6. Income Statement 8. Interest Expense: Interest paid on the firm’s debt 9. Earnings Before Taxes: This item shows the income generated without including taxes Earnings Before Taxes = EBIT - Interest Expense 10. Taxes: Assume 40% tax rate. Enter as follows: Taxes @ 40%, or Taxes (40%) Taxes = 0.4*Earnings Before Taxes 11. Net Income: Net Income = Earnings Before Taxes - Taxes

  7. Common-Size Income Statements • Common-size income statements display data not as $ amounts but as percentages of firm’s total revenues (Sales) • Benefits: - Easy comparison between firms of different sizes - Show important trends which may not be seen in $ amounts

  8. Balance Sheet • Balance sheet describes assets, liabilities, and equity of the firm at a specific time (like a snapshot) • Assets: (Tangible/intangible): - Things that a firm owns. -Assets are entered on the top or on the left of the balance sheet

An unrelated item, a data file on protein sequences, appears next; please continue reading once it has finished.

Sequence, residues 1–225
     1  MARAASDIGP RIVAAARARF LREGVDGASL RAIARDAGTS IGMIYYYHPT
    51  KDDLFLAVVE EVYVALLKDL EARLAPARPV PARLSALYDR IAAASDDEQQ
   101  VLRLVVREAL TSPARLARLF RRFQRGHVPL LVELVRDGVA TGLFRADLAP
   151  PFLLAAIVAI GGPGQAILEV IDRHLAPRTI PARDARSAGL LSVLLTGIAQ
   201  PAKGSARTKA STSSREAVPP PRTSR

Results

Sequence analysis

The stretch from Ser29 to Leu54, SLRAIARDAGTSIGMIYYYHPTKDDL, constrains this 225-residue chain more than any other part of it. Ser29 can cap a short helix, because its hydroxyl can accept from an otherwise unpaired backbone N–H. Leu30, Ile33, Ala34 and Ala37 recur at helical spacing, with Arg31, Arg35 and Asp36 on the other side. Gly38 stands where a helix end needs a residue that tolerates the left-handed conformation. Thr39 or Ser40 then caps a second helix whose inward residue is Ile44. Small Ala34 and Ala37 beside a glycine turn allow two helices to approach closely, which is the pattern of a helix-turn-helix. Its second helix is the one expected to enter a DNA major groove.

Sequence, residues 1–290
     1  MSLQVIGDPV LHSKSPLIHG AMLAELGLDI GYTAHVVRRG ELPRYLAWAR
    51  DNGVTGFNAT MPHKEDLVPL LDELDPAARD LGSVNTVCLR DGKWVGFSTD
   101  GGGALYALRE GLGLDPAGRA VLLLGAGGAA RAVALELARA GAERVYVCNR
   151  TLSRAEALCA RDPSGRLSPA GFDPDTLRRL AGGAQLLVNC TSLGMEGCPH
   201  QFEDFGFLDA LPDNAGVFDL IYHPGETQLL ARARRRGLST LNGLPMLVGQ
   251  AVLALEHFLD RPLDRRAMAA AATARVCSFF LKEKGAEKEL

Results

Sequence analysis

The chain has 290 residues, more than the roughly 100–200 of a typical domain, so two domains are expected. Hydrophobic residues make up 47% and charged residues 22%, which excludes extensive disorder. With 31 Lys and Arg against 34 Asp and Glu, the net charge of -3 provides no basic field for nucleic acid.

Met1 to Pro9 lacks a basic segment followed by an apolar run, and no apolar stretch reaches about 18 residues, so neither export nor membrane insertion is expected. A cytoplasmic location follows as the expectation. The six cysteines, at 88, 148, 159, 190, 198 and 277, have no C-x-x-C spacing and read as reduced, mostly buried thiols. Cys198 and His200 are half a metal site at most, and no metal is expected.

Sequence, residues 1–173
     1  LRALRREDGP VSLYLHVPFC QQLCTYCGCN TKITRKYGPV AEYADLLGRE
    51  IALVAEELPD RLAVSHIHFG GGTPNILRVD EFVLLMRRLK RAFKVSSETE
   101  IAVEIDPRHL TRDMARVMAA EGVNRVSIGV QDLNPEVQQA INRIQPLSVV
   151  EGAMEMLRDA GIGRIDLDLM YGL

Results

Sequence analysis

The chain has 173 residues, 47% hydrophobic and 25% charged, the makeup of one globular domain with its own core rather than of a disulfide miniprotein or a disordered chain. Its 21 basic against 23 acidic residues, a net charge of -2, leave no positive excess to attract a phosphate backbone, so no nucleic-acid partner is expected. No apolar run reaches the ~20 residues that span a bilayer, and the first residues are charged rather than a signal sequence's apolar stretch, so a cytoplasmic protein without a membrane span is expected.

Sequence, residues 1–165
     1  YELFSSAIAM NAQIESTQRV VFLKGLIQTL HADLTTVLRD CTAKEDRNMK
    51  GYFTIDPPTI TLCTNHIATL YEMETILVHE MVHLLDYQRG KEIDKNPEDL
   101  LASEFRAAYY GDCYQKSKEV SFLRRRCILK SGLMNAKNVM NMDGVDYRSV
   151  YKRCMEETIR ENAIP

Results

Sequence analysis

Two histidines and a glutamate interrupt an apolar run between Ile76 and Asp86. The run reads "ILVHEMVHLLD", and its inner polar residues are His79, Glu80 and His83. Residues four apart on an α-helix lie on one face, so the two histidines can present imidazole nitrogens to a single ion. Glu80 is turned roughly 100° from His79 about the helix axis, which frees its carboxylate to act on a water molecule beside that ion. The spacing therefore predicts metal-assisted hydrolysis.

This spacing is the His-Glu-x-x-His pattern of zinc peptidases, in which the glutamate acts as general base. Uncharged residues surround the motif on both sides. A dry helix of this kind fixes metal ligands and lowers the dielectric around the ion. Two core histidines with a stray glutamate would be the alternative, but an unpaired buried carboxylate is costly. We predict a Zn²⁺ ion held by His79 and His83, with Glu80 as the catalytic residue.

9. Balance Sheet • Liabilities: - Debts of the firm - Entered below Assets, or on the right of the balance sheet • Equity: - Difference between what firm owns and what it owes to others - Entered below liabilities in the balance sheet

  10. Balance Sheet • NOTE: Balance sheet must balance: Total Assets = Total Liabilities + Total Equity should satisfy

  11. Balance Sheet A. ASSETS: (Top, or left of balance sheet) 1. Current Assets: • Firm’s short term assets. -Cash and Marketable Securities, -Accounts Receivable, -Inventories 2. Fixed Assets: - Assets that have long life, like plant and equipment 3. Net Fixed Assets: -You deduct the accumulated depreciation of the fixed assets from the value of fixed assets to find Net Fixed Assets Net Fixed Assets=Fixed Assets - Accumulated Depreciation